Friday, March 8, 2013

Kentucky and Industrial Hemp: A Battle over a No-Brainer

When one deals with Industrial Hemp long enough, one finds himself in the arena of Fools.  The term fool can mean many things and can mean many people, but when a single person talks at once about local economies of scale and unemployment and then talks about Hemp as if it could do nothing, then you know, then it has been confirmed, that you are in the presence of a Fool.

Enter House Speaker Gregg Stumbo.

Kentucky had McKee as its primary obstructionist and that seemed to be enough.  No vote and no Hemp.  But when Comer took the battle to the farmer in McKee’s own region, about 70 farmers told McKee let go.  The fool let go.

Now Kentucky has another much stronger obstructionist by the name of Stumbo.  The name is unique but the argument is the same.  I have heard it many times and it plays out in my mind over and over.

I have seen politicians like Stumbo before.  They are a dime a dozen and are the puke after the party.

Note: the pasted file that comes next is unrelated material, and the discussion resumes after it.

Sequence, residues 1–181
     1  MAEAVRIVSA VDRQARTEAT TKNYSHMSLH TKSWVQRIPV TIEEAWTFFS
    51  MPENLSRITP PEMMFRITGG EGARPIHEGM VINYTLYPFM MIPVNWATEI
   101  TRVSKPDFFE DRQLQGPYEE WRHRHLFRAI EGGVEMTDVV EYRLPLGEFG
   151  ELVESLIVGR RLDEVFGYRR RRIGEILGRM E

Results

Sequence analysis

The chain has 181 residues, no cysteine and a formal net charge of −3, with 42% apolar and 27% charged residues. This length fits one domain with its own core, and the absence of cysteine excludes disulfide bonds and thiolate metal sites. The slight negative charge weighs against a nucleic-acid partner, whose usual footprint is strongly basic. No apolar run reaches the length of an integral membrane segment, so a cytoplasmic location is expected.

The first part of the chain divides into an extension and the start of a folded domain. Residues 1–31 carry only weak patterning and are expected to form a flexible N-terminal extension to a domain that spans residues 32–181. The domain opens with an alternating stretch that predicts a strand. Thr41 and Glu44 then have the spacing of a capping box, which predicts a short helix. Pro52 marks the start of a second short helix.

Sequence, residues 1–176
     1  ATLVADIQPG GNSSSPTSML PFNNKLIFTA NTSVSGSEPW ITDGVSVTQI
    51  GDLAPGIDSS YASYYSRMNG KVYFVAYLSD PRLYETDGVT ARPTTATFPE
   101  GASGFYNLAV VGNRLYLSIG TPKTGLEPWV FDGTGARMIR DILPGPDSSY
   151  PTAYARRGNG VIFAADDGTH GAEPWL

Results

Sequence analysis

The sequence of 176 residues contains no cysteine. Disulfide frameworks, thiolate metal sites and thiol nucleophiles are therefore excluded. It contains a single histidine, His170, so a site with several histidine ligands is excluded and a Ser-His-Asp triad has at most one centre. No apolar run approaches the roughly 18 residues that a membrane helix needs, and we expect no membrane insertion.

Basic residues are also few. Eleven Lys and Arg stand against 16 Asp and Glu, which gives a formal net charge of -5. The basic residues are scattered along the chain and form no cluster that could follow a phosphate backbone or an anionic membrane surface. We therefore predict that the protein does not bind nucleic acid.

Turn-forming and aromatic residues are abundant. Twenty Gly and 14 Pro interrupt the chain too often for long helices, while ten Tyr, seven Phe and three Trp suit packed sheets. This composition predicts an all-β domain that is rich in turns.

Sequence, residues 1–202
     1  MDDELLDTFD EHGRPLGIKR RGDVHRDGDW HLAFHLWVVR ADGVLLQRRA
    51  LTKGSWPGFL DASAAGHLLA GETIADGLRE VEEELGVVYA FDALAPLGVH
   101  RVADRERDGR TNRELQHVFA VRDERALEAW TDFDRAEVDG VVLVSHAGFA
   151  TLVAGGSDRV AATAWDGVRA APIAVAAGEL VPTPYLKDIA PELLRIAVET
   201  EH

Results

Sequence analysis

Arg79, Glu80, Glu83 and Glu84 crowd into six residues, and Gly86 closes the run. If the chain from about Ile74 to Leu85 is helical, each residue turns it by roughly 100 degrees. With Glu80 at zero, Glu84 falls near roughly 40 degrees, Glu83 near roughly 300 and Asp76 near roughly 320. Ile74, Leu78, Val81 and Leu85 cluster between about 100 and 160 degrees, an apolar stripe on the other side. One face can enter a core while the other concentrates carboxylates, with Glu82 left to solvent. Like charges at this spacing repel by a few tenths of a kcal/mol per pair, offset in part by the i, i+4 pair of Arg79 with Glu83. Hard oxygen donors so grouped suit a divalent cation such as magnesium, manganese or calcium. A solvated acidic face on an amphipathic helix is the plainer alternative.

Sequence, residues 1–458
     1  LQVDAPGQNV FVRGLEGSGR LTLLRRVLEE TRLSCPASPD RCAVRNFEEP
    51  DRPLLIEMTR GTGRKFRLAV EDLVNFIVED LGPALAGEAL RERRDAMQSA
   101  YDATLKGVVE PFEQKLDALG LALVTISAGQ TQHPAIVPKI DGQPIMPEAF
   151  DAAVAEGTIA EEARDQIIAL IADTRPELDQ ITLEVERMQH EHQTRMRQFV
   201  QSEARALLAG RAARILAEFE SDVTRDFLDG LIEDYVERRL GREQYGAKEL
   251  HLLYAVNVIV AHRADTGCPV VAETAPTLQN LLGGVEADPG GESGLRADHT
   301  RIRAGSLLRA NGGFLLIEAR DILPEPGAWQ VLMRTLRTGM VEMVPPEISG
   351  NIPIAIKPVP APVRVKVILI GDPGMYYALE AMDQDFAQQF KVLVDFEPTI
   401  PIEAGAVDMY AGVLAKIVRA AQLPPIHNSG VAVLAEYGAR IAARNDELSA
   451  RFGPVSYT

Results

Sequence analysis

I was proud of Ron Paul for doing his best to make Hemp a topic of discussion.  It is very hard to be the only thing being heard, Rep. Paul did his best.  And now the torch passes onto the state players.  Yes, there is a federal hemp bill, but the real story this time plays on the local stages across America in Capitols and farmer bureau meetings.

This play is hard to watch, but it also tells a story.  A story about people following a fool and trying to gain a champion.  It again is a difficult story and a sad one.  I wish I could tell you it ends well, but it probably won’t. 

Money wins.  It will always win.  And Hemp has enemies with money. 

Will House Speaker Stumbo listen to the people?  No.

Will the people and their vision with Hemp be allowed to prevail?  NO.

The voter needs the courage to tell another story.  Hemp is waiting and while Americans aren’t working.


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